The following is a story written by visitors to Casey station from the French station, Concordia.
Concordia station, January the 29th 2013, 9 PM, in the dining room: Sergio, the station leader says: “You are the fourteen persons about to leave Concordia tomorrow morning at 9 AM (1 AM UTC) for the Australian station Casey. Then, five of you will fly back to Hobart on Feb 5th, and the others on Feb 12th or 14th. Any questions?”. That is how we have learnt how our trip back home was planned. Most of us knew about the famous “Wilkins runway”, where planes from Concordia use to land and where the Australian Antarctic Division (AAD) A319 departs to Tasmania. But almost none of us knew anything precise about the Casey station itself.
Wednesday January the 30th, sharp on schedule, the DC3 “Bassler” of Kenn Borek takes off from Concordia with fourteen members of the French polar expedition onboard including our station leader, Sergio. We are sad to leave friends but happy to discover a new polar station and to be on the way back home. Some three hours later, the Bassler lands smoothly on the perfectly flat and well prepared runway. Our luggage is loaded in a “Hägglunds”, a small polar exploration vehicle with a trailer. Passengers are invited to step in two other similar vehicles. It took some thirty minutes from the skiway to Casey station. At some places, the ice track has melted and frozen again several times, so that it is far from being flat. The “Hagg” passes all these obstacles easily. The vehicles stops right in front of a red metallic building, the “red shed”. We have all noticed that behind us, on a stone platform, a French flag was floating near the Australian and Canadian ones. We are invited to come into the red shed.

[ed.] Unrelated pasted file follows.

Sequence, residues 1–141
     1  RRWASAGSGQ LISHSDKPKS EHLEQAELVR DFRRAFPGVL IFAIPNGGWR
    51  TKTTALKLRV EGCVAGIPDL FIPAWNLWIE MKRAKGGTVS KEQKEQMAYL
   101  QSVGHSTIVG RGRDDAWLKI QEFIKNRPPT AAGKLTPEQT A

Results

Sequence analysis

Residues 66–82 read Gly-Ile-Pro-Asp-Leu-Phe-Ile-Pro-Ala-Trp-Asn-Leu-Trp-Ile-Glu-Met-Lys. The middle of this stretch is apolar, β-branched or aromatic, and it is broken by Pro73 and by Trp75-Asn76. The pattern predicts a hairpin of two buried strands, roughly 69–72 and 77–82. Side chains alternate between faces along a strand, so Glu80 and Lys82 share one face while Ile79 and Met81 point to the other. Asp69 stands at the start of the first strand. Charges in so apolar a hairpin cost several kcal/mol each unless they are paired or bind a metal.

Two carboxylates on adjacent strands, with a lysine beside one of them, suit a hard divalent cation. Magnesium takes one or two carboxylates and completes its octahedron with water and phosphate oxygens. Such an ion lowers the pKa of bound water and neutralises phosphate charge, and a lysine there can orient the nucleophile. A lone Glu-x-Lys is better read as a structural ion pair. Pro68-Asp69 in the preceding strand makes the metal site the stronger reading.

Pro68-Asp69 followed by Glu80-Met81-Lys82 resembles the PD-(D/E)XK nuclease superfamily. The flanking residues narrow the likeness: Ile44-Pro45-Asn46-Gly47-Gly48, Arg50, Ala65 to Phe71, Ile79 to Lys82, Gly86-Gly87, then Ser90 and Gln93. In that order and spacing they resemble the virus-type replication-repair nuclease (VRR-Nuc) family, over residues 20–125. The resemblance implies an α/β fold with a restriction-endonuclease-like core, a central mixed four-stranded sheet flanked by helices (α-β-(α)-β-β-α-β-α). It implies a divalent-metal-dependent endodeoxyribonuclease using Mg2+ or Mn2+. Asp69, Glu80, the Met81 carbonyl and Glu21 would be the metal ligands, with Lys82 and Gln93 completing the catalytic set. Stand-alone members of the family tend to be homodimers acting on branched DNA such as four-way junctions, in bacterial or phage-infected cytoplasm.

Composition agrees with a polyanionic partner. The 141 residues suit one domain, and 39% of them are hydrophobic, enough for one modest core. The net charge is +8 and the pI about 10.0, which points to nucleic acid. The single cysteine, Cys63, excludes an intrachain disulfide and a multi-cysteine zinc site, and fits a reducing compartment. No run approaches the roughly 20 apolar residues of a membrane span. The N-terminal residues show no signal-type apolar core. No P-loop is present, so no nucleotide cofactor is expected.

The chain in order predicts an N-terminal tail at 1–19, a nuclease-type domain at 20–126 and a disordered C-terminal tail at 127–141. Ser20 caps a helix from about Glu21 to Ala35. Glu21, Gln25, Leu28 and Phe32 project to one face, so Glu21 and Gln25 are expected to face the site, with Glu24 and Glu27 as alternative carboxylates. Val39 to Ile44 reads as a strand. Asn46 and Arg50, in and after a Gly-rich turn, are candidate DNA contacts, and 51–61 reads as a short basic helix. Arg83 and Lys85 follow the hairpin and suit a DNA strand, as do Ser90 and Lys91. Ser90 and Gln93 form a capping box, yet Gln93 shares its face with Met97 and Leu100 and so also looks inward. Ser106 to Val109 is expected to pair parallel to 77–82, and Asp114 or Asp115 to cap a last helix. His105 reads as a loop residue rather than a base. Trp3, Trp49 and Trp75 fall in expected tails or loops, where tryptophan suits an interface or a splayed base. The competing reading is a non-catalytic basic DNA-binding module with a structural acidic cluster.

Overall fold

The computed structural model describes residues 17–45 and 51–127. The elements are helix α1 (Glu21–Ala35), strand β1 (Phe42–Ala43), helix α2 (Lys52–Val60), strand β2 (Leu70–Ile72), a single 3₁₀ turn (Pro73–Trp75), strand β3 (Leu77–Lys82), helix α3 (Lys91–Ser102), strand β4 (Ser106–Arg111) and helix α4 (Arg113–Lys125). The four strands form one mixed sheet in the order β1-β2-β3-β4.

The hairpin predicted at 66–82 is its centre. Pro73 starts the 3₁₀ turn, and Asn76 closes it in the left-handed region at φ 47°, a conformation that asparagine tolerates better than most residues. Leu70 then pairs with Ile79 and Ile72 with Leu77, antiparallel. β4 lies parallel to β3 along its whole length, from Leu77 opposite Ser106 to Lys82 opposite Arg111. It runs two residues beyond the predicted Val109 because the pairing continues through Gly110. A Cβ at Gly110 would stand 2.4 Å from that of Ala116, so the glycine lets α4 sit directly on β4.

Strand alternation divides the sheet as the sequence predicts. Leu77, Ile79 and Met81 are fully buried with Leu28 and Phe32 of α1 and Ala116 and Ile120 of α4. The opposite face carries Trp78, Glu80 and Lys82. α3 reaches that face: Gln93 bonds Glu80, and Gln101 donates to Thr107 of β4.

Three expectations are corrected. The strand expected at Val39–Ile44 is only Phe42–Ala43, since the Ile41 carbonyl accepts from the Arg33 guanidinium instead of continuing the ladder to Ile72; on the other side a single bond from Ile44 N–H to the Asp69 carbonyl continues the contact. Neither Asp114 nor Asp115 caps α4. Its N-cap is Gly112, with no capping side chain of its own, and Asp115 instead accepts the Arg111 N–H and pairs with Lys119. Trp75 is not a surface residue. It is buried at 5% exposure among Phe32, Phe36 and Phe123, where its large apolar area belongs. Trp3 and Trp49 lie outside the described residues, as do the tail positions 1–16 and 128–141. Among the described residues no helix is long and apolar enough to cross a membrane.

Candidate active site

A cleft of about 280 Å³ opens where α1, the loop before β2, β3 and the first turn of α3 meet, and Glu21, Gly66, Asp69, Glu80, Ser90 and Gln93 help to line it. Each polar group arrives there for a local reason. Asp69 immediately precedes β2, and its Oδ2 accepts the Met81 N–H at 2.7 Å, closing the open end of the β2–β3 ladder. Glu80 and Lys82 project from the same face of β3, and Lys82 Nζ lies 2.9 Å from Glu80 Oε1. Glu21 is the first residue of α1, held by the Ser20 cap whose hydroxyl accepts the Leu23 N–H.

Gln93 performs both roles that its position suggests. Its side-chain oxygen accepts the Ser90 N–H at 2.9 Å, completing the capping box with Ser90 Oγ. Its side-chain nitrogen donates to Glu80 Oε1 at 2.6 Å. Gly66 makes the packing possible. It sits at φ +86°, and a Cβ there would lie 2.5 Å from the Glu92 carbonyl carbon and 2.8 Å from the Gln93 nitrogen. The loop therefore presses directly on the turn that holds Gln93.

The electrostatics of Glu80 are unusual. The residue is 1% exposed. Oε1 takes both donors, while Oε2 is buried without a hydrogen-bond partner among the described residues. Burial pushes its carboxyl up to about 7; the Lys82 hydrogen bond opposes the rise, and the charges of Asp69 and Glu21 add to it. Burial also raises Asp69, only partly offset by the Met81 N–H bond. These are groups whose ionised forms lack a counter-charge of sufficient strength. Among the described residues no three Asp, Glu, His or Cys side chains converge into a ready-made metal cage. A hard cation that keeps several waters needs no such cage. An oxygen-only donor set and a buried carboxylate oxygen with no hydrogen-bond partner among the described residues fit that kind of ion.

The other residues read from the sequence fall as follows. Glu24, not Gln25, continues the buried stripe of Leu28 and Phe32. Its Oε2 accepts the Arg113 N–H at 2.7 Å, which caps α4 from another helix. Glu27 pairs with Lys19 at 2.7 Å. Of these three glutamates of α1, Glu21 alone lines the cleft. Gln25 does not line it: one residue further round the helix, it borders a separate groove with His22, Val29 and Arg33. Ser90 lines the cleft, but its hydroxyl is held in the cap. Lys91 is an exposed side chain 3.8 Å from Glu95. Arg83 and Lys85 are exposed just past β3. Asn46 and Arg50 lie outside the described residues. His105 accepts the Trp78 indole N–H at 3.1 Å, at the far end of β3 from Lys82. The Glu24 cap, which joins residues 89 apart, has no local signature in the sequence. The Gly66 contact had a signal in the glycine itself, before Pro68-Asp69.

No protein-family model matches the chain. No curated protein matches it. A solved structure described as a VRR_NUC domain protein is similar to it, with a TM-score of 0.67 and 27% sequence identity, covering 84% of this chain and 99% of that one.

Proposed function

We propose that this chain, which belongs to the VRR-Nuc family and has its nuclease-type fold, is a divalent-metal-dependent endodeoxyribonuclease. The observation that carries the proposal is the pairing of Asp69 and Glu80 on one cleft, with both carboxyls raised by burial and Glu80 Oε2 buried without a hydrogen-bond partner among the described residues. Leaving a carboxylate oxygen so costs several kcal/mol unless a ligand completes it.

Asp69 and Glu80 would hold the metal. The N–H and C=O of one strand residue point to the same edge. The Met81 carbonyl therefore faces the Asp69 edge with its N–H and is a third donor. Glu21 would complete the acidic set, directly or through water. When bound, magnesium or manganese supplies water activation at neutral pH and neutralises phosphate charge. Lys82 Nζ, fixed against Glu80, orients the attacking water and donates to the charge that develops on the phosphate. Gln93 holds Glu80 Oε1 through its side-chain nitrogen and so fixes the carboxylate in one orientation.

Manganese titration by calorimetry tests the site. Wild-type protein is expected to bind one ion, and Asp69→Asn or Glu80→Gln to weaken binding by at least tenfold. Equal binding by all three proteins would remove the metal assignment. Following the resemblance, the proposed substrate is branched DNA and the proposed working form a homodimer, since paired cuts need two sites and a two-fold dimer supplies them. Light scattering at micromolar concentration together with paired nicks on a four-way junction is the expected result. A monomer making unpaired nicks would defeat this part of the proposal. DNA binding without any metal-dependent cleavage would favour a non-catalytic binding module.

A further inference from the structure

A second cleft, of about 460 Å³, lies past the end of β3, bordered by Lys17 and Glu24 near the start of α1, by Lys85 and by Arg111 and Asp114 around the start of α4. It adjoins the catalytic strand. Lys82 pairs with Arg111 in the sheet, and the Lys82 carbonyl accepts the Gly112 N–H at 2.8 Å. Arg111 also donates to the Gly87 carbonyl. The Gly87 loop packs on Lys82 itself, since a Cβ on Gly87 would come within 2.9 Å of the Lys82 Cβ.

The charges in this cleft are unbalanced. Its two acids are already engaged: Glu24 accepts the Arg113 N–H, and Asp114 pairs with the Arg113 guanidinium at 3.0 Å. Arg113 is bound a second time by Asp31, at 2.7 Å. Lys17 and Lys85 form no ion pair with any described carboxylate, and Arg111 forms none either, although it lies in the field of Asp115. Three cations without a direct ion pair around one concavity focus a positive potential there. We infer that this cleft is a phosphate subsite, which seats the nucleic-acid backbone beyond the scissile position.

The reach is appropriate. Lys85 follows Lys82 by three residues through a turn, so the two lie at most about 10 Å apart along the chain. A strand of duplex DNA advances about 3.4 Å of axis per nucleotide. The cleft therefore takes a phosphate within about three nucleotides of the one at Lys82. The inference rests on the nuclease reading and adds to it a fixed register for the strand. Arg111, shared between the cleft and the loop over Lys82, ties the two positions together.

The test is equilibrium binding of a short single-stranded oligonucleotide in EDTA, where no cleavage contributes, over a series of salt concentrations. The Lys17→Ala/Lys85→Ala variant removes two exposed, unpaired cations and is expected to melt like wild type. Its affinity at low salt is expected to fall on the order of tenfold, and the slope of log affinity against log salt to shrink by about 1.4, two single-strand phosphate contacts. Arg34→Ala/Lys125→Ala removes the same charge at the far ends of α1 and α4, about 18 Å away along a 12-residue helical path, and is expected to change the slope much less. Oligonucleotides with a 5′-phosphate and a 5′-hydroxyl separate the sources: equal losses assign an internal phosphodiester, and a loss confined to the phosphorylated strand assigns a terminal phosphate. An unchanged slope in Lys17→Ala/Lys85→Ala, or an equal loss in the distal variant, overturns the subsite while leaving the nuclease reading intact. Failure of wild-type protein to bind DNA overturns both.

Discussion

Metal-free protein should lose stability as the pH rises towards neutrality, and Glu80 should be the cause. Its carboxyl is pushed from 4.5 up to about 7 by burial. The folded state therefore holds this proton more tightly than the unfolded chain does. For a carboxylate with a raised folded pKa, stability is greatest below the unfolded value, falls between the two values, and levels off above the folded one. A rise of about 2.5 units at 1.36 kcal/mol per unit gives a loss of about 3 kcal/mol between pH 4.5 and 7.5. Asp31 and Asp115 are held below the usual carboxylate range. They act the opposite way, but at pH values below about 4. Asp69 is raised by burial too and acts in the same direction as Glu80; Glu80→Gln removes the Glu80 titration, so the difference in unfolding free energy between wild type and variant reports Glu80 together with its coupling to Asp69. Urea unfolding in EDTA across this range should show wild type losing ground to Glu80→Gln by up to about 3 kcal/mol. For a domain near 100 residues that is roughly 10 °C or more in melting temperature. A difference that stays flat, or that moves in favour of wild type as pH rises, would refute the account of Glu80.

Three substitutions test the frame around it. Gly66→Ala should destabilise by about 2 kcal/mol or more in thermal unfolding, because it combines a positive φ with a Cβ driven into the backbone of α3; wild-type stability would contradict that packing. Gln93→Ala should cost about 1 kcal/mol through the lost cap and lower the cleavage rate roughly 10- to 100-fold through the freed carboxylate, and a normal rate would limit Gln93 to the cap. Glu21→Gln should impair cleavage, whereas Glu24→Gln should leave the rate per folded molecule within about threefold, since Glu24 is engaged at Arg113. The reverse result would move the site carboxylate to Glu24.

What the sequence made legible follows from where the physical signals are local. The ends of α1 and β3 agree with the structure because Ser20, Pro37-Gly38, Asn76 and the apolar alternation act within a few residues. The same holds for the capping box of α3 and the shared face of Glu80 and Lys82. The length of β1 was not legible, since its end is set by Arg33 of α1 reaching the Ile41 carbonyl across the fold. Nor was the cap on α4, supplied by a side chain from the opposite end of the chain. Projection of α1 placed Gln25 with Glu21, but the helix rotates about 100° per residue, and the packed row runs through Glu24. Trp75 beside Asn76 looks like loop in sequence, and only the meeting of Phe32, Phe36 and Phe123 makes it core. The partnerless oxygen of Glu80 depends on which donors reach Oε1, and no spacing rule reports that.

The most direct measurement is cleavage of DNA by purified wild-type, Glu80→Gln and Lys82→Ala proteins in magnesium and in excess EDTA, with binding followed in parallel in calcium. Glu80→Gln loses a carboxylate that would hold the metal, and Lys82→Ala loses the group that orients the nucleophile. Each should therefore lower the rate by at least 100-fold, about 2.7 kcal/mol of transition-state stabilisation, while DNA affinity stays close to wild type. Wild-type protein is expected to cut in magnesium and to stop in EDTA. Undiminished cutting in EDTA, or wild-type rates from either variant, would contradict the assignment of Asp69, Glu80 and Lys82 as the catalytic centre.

The building we discovered is vast, pleasant, warm and beautifully decorated. A large and high bow window faces a bay, where small icebergs were laying in the background. For the first time in several months, we could see birds, rocks and sea.
Allan, Casey station leader, gives a welcome speech, and leads us for a visit of the accommodation and common parts of the red shed. All seems so comfortable and well organised! We are accommodated in cozy and beautiful single rooms. What a contrast with our eight-person fuel stove-heated tents in Concordia!
After dinner, a meeting is held in the dining room after which the station leader announces the presence of the French team for some days. Each of us had the opportunity to introduce himself briefly, and to be “adopted” friendly by a member of the Australian crew. This tradition has been greatly appreciated by the entire French group.
Thursday January 31st, just after lunch, we are invited by the station leader to a safety visit of the station’s surrounding. Allan showed us the different buildings of the station: the meteorology and communication shed, the science building, the power plant, the general store (green shed) and the workshops. The potable water production facility has been a very interesting point in the visit. All is so different from Concordia! Of course the comparison is meaningless, since Concordia stands in the middle of nowhere, at more than 1000 km from any coast.